Agency: United States Agency for International Development
    Status: Open

    Comments: In written comments on our draft report, USAID concurred with the recommendation and stated its intention to establish a mechanism to readily identify all Title II projects that include conditional food aid activities and to collect information about the type of conditional activity in each project through the Food for Peace Management Information System. USAID also noted that it is already collecting such information for the Emergency Food Security Program, another food assistance program. As of November 2017, GAO continues to monitor USAID's efforts to fully address the recommendation.
    Recommendation: To strengthen USAID's ability to monitor Title II conditional food aid and evaluate food-for-assets activities' impact on reducing food insecurity, the USAID Administrator should systematically assess the effectiveness of food-for-assets activities in development projects in achieving project goals and objectives.

    Agency: United States Agency for International Development
    Status: Open

    Comments: In written comments on our draft report, USAID concurred with the recommendation. In September 2016, USAID stated that it had undertaken relevant reviews of the effectiveness and sustainability of Title II development projects and that it is considering expanding evaluations of completed projects to assess sustainability of results over time. As of November 2017, GAO continues to monitor USAID's efforts to fully address the recommendation.
    Director: Thomas Melito
    Phone: (202) 512-9601

    2 open recommendations
    Recommendation: While recognizing that cargo preference serves policy goals established by Congress with respect to the U.S. merchant marine, including maintenance of a fleet capable of serving as a naval and military auxiliary in time of war or national emergency, Congress should consider clarifying cargo preference legislation regarding the definition of "geographic area" to ensure that agencies can fully utilize the flexibility Congress granted to them when it lowered the CPFA requirement.

    Agency: Congress
    Status: Open

    Comments: We did not receive comments on the Matter for Congressional Consideration. As of October 2017, no legislation had been introduced to clarify the definition of 'geographic area' with regard to cargo preference laws.
    Recommendation: The Secretary of Transportation should direct the Administrator of MARAD to study the potential availability of all qualified mariners needed to meet a full and prolonged activation of the reserve sealift fleet. In the study, MARAD should identify potential solutions to address the mariner shortfall if one is still identified.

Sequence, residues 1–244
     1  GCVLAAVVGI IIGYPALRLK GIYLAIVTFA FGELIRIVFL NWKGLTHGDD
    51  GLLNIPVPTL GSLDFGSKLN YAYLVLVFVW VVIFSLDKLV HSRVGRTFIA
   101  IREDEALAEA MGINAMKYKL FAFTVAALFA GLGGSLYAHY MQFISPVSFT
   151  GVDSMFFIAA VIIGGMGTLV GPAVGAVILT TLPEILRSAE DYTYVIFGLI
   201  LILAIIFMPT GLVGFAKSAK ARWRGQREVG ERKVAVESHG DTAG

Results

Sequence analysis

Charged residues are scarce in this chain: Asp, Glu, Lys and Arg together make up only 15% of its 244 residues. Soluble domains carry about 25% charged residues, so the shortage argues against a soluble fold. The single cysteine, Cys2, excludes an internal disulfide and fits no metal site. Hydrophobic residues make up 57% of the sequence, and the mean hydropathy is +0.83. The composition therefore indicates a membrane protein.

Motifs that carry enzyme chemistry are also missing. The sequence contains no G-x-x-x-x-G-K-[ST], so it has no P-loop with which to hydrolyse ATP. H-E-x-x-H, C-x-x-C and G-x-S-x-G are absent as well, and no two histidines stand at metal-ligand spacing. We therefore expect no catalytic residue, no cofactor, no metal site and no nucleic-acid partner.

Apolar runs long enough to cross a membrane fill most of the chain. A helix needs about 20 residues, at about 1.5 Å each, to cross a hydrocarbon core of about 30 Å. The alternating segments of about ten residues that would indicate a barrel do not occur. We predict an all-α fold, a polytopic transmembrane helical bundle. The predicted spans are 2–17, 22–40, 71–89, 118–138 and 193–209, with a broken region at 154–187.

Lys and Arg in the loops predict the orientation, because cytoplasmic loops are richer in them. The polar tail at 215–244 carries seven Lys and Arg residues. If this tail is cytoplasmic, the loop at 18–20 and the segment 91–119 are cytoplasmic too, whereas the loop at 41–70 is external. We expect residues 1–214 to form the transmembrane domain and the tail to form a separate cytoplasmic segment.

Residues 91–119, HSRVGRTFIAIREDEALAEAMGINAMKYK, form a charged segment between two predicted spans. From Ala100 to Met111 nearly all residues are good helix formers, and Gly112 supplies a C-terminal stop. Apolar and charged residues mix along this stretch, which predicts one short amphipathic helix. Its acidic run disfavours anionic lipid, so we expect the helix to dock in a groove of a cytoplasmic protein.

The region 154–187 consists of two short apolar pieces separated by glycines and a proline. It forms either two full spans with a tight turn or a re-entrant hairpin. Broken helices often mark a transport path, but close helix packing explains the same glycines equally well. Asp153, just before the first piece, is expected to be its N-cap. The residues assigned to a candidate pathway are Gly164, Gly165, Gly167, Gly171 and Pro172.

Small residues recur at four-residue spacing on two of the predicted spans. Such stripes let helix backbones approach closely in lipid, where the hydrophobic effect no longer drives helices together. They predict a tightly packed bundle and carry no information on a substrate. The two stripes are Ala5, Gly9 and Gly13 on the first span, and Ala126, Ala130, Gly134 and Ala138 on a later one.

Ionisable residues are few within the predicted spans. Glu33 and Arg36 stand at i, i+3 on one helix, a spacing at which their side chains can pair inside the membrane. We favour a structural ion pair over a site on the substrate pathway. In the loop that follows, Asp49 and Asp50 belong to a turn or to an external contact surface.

Agency: Department of Transportation
    Status: Open

    Comments: In its written comments, DOT concurred with our recommendation to study the potential availability of all qualified mariners needed to meet a full and prolonged activation of the reserve sealift fleet. DOT stated that MARAD has been reviewing the adequacy of existing plans to recruit mariner volunteers to crew the full reserve fleet. Furthermore, DOT noted that 13,000 mariners are required to crew all the vessels in the fleet for sustained operations. On June 15, 2016, GAO contacted MARAD officials to clarify the current status of the National Maritime Strategy, which DOT officials had stated would contain the results of their review. The officials said that the Strategy is still in the interagency process for approval and is not likely to be published until the end of 2016. DOT told GAO in December 2016 that it had conducted an exercise in September 2016 to test mariner availability for an initial activation of the full fleet. However, this exercise did not fully address GAO's recommendation, as it did not test for a full and prolonged activation of the fleet. Furthermore, DOT officials told GAO in April 2017 that the National Maritime Strategy has not been released and is awaiting review from the current Administration. As of May 2017, MARAD officials reported that they had established a working group to identify the total number of U.S. citizen mariners in the United States who, among other things, are available to crew the U.S. flag fleet and the surge sealift fleet in times of a national emergency and planned to report to Congress in December 2017.
    Director: Gerald Dillingham
    Phone: (202) 512-2834

    2 open recommendations
    Recommendation: To implement a more effective international strategy for achieving NextGen interoperability with other nations, the Secretary of Transportation should direct the FAA Administrator to conduct a risk assessment to identify potential threats and vulnerabilities to NextGen interoperability and establish timeframes for periodically re-evaluating these risks.

    Agency: Department of Transportation
    Status: Open

    Comments: When we confirm what actions the agency has taken in response to this recommendation, we will provide updated information.
    Recommendation: To implement a more effective international strategy for achieving NextGen interoperability with other nations, the Secretary of Transportation should direct the FAA Administrator to identify and document actions FAA will undertake to mitigate these risks, using information from the risk assessment as a basis for making management decisions about how to allocate resources for these activities.

    Agency: Department of Transportation
    Status: Open